To 3000 g of bisphenol-A homopolycarbonate (Mw =32,000 and sold by Mobay Chemical under the trade name Merlon M50F) in pellet form (0.32 cm (dia)×0.32 cm (length)) is added 0.3 g of the sodium salt of N-(p-tolylsulfonyl)-p-toluenesulfonamide in the form of a dry powder. These ingredients are dry blended, dried, extruded, repelletized, redried and injected molded into test bars by the procedures described in Example 1. Also following the procedure of Example 1, the resulting test bars are tested for oxygen index and flame retardance. The results of these tests are reported in Table II. Also for purposes of comparison different amounts of the aforementioned aromatic sulfonamide and other sulfonamides as indicated in Table II are similarly tested. The results of these tests are also reported in Table II.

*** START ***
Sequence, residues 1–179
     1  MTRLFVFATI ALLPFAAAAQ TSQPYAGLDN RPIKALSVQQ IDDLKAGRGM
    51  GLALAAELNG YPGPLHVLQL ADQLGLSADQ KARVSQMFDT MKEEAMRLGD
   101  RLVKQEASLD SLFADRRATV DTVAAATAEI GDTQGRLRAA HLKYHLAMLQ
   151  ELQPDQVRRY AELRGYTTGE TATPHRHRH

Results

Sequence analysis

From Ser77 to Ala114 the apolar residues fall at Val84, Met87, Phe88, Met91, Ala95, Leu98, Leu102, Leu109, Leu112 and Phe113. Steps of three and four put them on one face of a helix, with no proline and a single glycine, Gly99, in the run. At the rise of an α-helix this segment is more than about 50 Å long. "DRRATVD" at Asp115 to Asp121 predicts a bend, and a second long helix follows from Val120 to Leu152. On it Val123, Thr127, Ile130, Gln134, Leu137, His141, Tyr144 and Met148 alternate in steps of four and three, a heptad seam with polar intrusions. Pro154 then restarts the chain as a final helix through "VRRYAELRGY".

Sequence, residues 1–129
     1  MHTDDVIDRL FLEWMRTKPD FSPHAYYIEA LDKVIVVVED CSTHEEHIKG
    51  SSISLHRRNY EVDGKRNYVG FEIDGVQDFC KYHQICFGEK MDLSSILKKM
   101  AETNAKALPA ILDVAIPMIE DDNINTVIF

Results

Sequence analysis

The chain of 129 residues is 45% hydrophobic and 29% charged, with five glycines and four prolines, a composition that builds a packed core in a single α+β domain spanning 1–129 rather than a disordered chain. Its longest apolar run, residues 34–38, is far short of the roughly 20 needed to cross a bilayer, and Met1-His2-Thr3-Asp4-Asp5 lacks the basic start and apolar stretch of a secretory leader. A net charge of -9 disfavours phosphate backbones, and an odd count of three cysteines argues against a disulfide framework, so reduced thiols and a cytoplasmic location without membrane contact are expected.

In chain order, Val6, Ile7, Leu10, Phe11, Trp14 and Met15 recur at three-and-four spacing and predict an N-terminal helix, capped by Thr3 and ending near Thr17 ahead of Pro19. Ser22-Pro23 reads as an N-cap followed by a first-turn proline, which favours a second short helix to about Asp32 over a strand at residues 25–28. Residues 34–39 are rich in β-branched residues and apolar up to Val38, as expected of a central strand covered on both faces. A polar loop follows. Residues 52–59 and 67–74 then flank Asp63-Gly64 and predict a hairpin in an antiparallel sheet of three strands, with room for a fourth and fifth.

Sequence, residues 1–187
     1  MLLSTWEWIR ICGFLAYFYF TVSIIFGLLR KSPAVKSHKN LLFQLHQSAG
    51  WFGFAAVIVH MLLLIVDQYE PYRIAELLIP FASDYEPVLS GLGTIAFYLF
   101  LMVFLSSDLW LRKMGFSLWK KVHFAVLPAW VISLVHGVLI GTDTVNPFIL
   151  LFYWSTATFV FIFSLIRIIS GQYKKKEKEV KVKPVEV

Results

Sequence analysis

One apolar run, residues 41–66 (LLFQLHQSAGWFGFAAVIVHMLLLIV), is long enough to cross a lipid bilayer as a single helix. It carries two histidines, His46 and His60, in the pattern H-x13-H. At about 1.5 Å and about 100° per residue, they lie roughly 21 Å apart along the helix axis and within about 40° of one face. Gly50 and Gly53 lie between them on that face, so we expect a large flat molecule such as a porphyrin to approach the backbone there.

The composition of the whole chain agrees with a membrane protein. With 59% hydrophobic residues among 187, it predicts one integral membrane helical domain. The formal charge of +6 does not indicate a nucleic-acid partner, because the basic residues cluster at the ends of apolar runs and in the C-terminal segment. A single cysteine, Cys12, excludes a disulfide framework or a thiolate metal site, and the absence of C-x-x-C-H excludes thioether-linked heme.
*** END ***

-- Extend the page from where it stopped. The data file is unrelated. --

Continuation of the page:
TABLE II______________________________________Sam- Aromatic O2 Fire Retardance(3)ple Sulfonamide(1) Index(2), Avg. Flame RatingNo. Type Amount, % % O2 Time, Sec 2 Tests______________________________________C1 *None -- 25.2 17.5 HB,HB 1 NaTs 0.01 29.4 8.8 V-2,V-2 2 NaTs 0.05 38.6 2.5 V-0,V-0 3 NaTs 0.10 39.2 1.3 V-0,V-0 4 NaUBS 0.025 38.6 1.3 V-2,V-2 5 NaSTZ 0.01 35.4 5.2 V-2 6 NaSTZ 0.05 38.6 2.0 V-0 7 NaSTZ 0.20 39.2 3.6 V-2 8 NaSMZ 0.01 35.4 8.2 V-2 9 NaSMZ 0.05 40.4 1.6 V-010 NaSMZ 0.2 38.0 3.3 V-011 NaSBZ 0.01 34.0 7.2 V-2,V-212 NaSBZ 0.05 34.7 2.1 V-2,V-213 NaSBZ 0.20 36.7 2.2 V-2,V-214 NaSCP 0.01 34.7 3.3 V-2,V-215 NaSCP 0.05 39.5 2.4 V-2,V-216 NaSCP 0.20 38.6 1.9 V-0,V-0C2 *None17 NaS 0.005 27.8 10.9 V-218 NaS 0.010 31.0 12.1 V-219 NaS 0.020 33.3 9.1 V-220 NaS 0.030 36.1 4.6 V-221 NaS 0.040 36.1 4.0 V-022 NaS 0.050 36.7 2.3 V-023 NaS 0.100 36.1 3.0 V-024 NaS 0.250 33.3 3.7 V-2______________________________________ *Not an example of this invention. Burn characteristics of C1 and C2 vary because each contains different additives. Sample Nos. 1-10 are prepared from the polycarbonate composition used in Sample No. C.sub. and Sample Nos. 11-18 are prepared using the polycarbonate composition of Sample No. C2. (1)NaS sodium saccharin NaTs sodium salt of N(p-tolylsulfonyl)-p-toluenesulfonamide NaUBS sodium salt of N(N'-benzylaminocarbonyl)sulfanilamide ##STR10## NaSTZ Sodium Salt of N(2-thiazolyl)sulfanilamide ##STR11## NaSMZ Sodium salt of N(2-(4-methylpyrimidinyl)sulfanilamide ##STR12## NaSBZ sodium salt of N(phenylcarbonyl)-sulfanilamide ##STR13## Na SCP sodium salt of N(5-chloro-2-pyrazinyl)sulfanilamide ##STR14## (2)Same as (2) in Table I (3)Same as (3) in Table I